On the “debate” whether God exists, only one thing is certain: there is no complete proof that the Almighty exists and there’s no complete proof that “He” doesn’t. Of course, this doesn’t mean that either side hasn’t tried to convince the other. For most of history, the religious attempted to proselytize the pagan, “other-side believers,” and/or non-believers. More recently, the atheist proponents have gone on the attack against religious belief. It is the latter that I will address here.
I’ll start with a “parable” – or mental exercise, if you will. Mr. Cohen has suffered for a long time from general pains in his body. His doctors, having performed every conceivable exam, are stumped. There is no medical reason for his pain, but as Mr. Cohen is otherwise a respected person and not prone to hyperbole nor a complainer in general, there’s no reason to believe that the pain is a figment of his imagination. With nothing else left to offer, during the latest visit his family doctor turns to Mr. Cohen and says: “Here’s a new drug that just came on the market, precisely for your type of idiopathic pain. It worked for 90% of the trial patients. It’s worth giving it a shot.”
Mr. Cohen leaves the doctor’s office. On his way out, he bumps into an acquaintance, Mr. Levi who asks why he’s there. After relating his issue, Mr. Levi says: “Don’t believe the doctor. I had something similar awhile back and he told me exactly the same thing. It’s a placebo – doesn’t really do anything.”
What should we think about Mr. Levi? At best, misguided; at worst, malicious. Why? Because we do know that for many people placebos do work remarkably well, so why spoil the chance that it would help Mr. Cohen too?
From here we return to the issue at hand. Almost every sentient human being suffers from some form of existential angst – an emotional pain. There are two related, primary reasons for this: 1- our eventual death; 2- the meaning(less) of life. As homo sapiens (thinking wo/man), we are blessed and cursed by our ability to think deeply and analytically about our world, as opposed to the rest of the animal kingdom that basically lives in the here and now without the ability for “philosophical” thought.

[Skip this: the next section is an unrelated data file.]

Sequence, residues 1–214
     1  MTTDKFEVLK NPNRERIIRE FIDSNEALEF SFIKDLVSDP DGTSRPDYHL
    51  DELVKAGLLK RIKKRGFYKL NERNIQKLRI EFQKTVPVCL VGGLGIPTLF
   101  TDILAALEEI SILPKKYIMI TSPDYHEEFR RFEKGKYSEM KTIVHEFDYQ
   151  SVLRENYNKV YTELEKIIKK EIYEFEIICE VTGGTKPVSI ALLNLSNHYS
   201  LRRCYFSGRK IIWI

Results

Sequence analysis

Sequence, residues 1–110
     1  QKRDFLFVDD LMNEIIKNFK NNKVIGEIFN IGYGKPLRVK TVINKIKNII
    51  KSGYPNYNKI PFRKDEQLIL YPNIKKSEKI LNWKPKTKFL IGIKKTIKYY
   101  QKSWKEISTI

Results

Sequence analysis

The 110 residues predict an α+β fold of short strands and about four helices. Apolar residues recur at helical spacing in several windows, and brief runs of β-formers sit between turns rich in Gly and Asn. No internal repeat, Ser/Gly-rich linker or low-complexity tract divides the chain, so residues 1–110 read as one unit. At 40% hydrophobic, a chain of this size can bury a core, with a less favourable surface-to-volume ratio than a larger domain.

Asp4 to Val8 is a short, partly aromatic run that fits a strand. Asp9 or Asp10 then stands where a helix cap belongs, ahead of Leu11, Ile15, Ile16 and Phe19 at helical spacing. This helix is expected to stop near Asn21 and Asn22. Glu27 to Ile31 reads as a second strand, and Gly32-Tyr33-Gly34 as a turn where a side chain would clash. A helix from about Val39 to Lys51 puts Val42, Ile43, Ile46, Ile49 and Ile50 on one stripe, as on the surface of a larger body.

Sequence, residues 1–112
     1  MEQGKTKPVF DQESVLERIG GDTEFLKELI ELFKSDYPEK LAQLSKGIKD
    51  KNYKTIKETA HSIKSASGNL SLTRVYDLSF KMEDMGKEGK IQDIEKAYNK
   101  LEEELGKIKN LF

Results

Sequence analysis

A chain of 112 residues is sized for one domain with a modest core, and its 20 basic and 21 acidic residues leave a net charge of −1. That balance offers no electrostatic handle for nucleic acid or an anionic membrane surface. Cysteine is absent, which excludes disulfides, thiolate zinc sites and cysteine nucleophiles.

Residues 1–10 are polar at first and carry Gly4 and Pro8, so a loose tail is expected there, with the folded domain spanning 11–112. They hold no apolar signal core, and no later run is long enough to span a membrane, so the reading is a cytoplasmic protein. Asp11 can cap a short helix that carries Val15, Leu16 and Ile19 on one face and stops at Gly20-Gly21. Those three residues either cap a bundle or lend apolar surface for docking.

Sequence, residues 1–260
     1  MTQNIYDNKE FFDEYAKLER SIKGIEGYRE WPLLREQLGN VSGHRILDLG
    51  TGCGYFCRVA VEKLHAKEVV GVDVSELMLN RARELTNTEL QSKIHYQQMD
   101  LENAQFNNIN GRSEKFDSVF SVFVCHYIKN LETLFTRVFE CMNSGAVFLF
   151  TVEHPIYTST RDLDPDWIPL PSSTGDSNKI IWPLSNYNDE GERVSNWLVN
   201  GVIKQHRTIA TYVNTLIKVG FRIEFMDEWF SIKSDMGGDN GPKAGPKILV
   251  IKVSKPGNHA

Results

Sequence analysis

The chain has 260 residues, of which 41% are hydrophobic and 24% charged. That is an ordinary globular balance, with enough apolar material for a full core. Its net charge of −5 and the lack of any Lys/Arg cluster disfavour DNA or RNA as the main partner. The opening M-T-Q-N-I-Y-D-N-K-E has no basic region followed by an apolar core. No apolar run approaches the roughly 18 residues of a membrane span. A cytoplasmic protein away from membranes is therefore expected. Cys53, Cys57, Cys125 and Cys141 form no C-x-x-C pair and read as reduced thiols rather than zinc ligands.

How to overcome such existential (psychological) pain – no less debilitating than physical pain? Where to find “meaning” in life?
There are two levels in which we can find or create such “meaning.” At the day-to-day level, by finding “meaning” in our work, or our interpersonal relationships, or some other project in which we can immerse ourselves (e.g., philanthropy). That’s adequate for when we are actively involved in such endeavors, but other times the angst can set in at any time.
Religion serves as a marvelous placebo – on both levels. First, many religions offer the promise of an afterlife, so that death is not “the end.” Second, with an all mighty God (the Almighty), there is “someone” who imbues the entire universe with meaning – even if we cannot know exactly what such “meaning” involves. Believers can rest assured that despite their not knowing the underlying nature of the “Meaning of it All” (God’s response to Moses regarding who He is: “I will be what I will be” – intriguingly amorphous), Meaning does exist.
Why, then, should atheists want to pull the rug from under religious belief when it seems to be so essential for the psychological/spiritual health of most of humanity? Indeed, the fact that religion (or other meta-supernatural forms of belief) has been (and remains) so prevalent throughout world history is proof enough of its utility to masses of human beings.
Interestingly, atheists might actually be more “courageous,” given their ability and willingness to stare into the abyss and continue living with their “surety” that there’s no bottom. But courage in one person does not mean that it can be foisted on others (similarly, believers shouldn’t try to “convert” the unbeliever). Each deals with this core question of existence in a different way.
To repeat, none of this is to say that God actually exists, that there’s really an “Afterlife,” or that in the final analysis the universe has some sort of Meaning. It might well not have any of these; it might also have all of them. Both positions cannot be proven – and most probably never will be. But if “belief” in and of itself provides great succor to myriads of humans, when there are no other effective forms of “medication” for existential angst, then let the believers be.